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Discussion Starter #1 (Edited)
Even analysts agree then no more then 1 or 2 LNG plants can possible be build in BC. With over 12 popsopos2d locations to choose, it is criminal for C. Clark and her corporate cohorts to go after Skeena estuary.


http://www.vancouverobserver.com/news/first-nations-oppose-petronas-lng-plant-due-shocking-lack-consultation

https://skeenawild.org/news/first-nations-oppose-petronas-lng-plant-lack-of-consultation-shocking/


First Nations throughout the Skeena Watershed have declared their opposition to the proposed Petronas LNG project on Lelu Island, citing a lack of consultation and massive damage to salmon habitat.

"When BC, the Prince Rupert Port Authority and Petronas sited a massive LNG development on the Skeena River's most critical salmon habitat, they created the legal obligation to consult and accommodate First Nations who have an interest in Skeena salmon,” said President and Chief Negotiator for the Gitanyow First Nation Chief Malii or Glen Williams.


"If BC thinks it can partner with foreign oil and gas companies, pick where pipelines and plants are to be sited, all the while ignoring the science that says industrial development on the Skeena Estuary is risky and foolish, and then pretend to 'consult' with First Nations after the fact, they have fundamentally misunderstood their legal and moral obligations to First Nations," Wet'suwet'en Tsayu Clan’s Chief Na'Moks added.

On the same note, Wilf Adam, Oputt, Chief of the Lake Babine Nation asserts, "It's time to go beyond mouthing platitudes about new relationships and apologizing for past wrongs. The entire system of how major industrial development on our lands is proposed, and approved, is broken. It doesn't work for anyone. It is expensive, it creates more uncertainty and most often further erodes Canada's reputation as a civil society, or a desirable place to do business. On every level it is failing."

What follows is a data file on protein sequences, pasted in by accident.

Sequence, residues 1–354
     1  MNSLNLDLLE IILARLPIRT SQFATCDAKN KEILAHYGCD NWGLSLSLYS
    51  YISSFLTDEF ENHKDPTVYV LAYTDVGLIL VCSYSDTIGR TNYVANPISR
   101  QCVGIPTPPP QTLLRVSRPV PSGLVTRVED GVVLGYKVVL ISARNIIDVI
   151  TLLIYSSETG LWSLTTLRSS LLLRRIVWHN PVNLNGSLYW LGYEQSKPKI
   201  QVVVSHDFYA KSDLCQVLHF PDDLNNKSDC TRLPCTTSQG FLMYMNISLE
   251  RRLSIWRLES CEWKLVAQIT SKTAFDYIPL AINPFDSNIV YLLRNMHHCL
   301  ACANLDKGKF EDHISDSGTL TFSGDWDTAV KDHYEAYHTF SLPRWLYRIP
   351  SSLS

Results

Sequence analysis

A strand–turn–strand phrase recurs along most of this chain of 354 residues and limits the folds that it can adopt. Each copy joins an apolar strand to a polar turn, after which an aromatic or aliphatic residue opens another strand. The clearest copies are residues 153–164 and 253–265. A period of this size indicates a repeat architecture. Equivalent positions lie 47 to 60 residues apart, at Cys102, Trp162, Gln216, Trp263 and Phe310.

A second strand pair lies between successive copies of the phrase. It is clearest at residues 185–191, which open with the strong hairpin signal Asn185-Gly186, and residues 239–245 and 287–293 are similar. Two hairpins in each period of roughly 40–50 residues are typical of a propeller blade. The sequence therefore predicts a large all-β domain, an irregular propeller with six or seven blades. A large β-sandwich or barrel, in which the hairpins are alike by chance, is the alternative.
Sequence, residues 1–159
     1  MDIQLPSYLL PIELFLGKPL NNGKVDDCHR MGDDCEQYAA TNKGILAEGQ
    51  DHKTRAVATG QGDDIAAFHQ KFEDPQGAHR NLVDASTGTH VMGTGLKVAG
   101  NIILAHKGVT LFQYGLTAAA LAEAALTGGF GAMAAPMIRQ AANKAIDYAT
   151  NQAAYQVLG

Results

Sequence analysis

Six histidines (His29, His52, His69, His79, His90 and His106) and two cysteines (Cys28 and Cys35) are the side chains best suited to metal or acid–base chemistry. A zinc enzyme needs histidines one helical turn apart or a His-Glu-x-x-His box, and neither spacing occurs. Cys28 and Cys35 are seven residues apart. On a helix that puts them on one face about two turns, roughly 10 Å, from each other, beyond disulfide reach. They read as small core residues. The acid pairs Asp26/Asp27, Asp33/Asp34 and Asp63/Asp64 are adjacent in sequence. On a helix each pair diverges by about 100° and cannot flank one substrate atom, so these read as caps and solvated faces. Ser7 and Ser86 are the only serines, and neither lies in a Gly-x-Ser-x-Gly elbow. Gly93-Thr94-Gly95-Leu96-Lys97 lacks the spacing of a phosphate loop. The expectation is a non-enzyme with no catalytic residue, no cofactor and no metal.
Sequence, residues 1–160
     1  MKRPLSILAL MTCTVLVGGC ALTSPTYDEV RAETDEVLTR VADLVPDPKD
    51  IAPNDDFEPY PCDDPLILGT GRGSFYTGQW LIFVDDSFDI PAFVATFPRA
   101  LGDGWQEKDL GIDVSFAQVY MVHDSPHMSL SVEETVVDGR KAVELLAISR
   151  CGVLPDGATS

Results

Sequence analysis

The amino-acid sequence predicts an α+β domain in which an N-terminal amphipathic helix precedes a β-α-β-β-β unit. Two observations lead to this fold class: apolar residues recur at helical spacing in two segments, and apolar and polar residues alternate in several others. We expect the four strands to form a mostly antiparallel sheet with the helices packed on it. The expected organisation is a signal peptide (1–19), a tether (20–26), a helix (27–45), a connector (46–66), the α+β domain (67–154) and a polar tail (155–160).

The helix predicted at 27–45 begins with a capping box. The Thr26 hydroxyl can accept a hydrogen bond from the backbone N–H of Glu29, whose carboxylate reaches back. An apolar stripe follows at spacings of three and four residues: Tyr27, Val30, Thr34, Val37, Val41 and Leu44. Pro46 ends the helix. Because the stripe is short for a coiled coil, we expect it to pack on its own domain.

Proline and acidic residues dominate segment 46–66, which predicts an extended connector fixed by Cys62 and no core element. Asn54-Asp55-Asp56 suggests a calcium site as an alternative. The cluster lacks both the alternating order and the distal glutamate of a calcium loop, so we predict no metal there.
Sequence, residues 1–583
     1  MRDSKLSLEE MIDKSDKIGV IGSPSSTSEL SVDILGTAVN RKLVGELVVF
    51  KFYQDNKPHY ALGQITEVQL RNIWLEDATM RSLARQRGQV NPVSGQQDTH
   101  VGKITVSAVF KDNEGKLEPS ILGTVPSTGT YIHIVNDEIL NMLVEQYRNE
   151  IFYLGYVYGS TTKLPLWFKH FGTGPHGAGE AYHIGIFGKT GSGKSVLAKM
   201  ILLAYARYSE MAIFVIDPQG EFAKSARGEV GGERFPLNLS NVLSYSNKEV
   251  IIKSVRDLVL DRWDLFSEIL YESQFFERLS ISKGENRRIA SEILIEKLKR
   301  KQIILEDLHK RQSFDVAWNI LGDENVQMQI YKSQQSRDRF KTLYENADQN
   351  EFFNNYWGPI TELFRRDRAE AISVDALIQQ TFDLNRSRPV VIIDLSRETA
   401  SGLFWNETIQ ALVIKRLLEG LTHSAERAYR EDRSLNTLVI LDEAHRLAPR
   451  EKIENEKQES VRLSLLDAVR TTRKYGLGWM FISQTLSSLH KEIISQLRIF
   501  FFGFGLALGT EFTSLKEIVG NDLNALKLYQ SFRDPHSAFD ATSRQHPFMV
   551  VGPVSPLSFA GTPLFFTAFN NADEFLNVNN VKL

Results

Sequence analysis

Poor siting of the proposed facility and failure to seek First Nations consent place this $11 billion project at serious risk, according to the Chiefs.

"If the federal and provincial governments cannot protect our interests, and choose to work more closely with foreign-owned multinational energy companies than their own citizens, then we will be forced to represent ourselves abroad and tell Petronas the truth about their prospects," Chief Na'Moks continued.

The First Nations leaders are calling for Petronas as well as the provincial and federal governments to withdraw the project from the Lelu Island site immediately.
 

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Yes Indeed.

I will certainly second that.

Alternative routes, procedures, should /will / hopefully be found.

They must take there time, and think a lot...

Think of all the things we got.

It's near say, the last frontier.

Re direct it.

And leave it be.
 
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